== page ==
Tuesday, November 20, 2012
When you get to the point that you want to take your MINI driving to the next level and get seriously involved in auto-crossing and track events, you’ll need to add some safety gear to the car to meet most organizations’ requirements. Also, as you reach a point in your driving ability where you’re starting to reach your MINI’s limits of acceleration, handling, or braking, you may also want to make some mechanical upgrades to improve the car’s performance.
Either way, the aftermarket suppliers have just what you need. In this chapter, we’ll discuss means of further increasing your horsepower and response, gaining stopping power and improving the MINI’s handling. We will also discuss how you can meet the safety requirements of your racing organization if you have decided you want to take your MINI out onto the track for some serious competitive motoring.
Finding Even More Horsepower
By now, in your desire for more power, you have changed out the air intake, remapped the ECU, replaced the Cat-Back exhaust system, and replaced the supercharger pulley if those changes are permitted by the group that organizes the events in which you participate. In addition, you may have replaced the spark plug wires, added a spark booster, and installed a water-to-air inter-cooler to increase your net horsepower for enthusiastic driving.
Be assured, there are still more parts on the shelf that will help you get the maximum available horsepower out of that sturdy four-cylinder engine under your hood. You can substitute a high-performance camshaft and if you’re really serious, replace the cylinder head to improve the engine’s ability to breathe. If your car is going to be used just for track or autocross competition or you’re willing to do a little work before big weekends, a high-flow exhaust header and catalyst can give you a solid boost in performance.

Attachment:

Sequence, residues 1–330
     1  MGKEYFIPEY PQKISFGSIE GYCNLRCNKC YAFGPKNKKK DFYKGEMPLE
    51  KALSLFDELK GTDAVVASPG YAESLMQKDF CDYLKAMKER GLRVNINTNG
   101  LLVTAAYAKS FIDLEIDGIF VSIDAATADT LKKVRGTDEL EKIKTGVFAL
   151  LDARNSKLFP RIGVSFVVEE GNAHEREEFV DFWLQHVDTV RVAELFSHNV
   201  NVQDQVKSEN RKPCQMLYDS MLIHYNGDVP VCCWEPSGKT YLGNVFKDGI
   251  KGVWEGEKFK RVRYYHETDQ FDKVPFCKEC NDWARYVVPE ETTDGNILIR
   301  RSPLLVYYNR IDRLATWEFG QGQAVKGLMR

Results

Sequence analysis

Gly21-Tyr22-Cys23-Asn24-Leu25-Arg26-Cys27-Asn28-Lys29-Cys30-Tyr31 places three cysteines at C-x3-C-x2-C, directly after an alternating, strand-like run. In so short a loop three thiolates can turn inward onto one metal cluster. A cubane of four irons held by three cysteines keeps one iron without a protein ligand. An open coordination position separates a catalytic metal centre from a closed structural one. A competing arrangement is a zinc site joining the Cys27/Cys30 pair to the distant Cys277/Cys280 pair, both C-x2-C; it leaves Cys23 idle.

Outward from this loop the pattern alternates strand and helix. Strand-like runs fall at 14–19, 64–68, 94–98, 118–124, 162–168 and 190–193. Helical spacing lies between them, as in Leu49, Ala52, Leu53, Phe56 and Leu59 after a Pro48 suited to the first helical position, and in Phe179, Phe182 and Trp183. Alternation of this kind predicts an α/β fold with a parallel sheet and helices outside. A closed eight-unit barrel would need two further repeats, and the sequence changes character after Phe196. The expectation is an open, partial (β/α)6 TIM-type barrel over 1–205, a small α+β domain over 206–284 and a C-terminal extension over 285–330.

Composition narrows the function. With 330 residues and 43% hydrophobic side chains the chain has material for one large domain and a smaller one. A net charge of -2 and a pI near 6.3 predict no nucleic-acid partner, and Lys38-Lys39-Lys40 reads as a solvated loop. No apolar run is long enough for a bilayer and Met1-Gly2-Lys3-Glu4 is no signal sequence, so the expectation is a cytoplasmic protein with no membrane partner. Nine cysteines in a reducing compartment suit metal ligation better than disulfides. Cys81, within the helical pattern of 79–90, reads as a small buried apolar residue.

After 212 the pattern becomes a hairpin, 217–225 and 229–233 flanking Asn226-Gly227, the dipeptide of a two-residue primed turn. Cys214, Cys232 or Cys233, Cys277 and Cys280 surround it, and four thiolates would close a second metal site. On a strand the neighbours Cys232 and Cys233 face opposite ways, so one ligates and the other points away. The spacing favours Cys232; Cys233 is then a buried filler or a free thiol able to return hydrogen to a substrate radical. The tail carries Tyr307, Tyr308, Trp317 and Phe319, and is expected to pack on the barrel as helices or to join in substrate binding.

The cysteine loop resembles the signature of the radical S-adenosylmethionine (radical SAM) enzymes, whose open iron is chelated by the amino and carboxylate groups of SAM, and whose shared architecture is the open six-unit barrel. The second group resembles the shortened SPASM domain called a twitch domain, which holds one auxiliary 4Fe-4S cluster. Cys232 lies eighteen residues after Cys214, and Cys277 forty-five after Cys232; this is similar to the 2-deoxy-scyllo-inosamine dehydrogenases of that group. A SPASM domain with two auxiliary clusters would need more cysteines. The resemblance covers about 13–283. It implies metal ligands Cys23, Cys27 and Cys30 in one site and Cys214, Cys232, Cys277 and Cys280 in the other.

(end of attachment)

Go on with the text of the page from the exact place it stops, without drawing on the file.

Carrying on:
The MINI engine has what is called a “single overhead camshaft” (abbreviated SOHC). The camshaft is the component on the engine that is connected to the drive shaft by a roller timing chain (it looks like a bicycle chain) and rotates with the crankshaft to cause each of the intake and exhaust valves to open and close at the right times. The MINI uses a single camshaft to control both intake and exhaust valves on all the cylinders, and it is mounted in the top of the engine, so it is called a single overhead camshaft.
The actual camshaft consists of a shaft that runs from the front to the rear of the engine. On this shaft are mounted twelve cams, three for each cylinder. As these eccentrically shaped cams rotate on the shaft, they push on two rocker arms for the two intake valves and a dual rocker arm for the two exhaust valves on each cylinder, causing the intake and exhaust valves to open and close. A high spot on the cam pushes the valve open, and then as the cam continues to rotate, the lower spot allows the spring on that valve to push the valve closed.
As the intake valves open, they allow the air/fuel mixture to enter that cylinder. As the intake valves close, the exhaust valves open, allowing the combustion gases left after the explosion to escape from the cylinder.
By changing the size and shape of the cams, it is possible to change the points at which the valves open and close, and the time during which they are open. Consequently, changing the camshaft is a standard way of upgrading the performance of an engine. A camshaft that causes the valves to stay open longer is said to be “hotter”—producing more power—than one that does not allow as much time for the fuel/air mixture to enter the cylinder, or the exhaust gases to escape.
The trade-off here is that additional horsepower can only be gained by negatively affecting the smoothness of the engine operation, especially when idling, so a hot cam is often said to be “lumpy.” To some extent, the design of the camshaft also has a negative effect on gas mileage, since more fuel is allowed to enter with each rotation of the engine.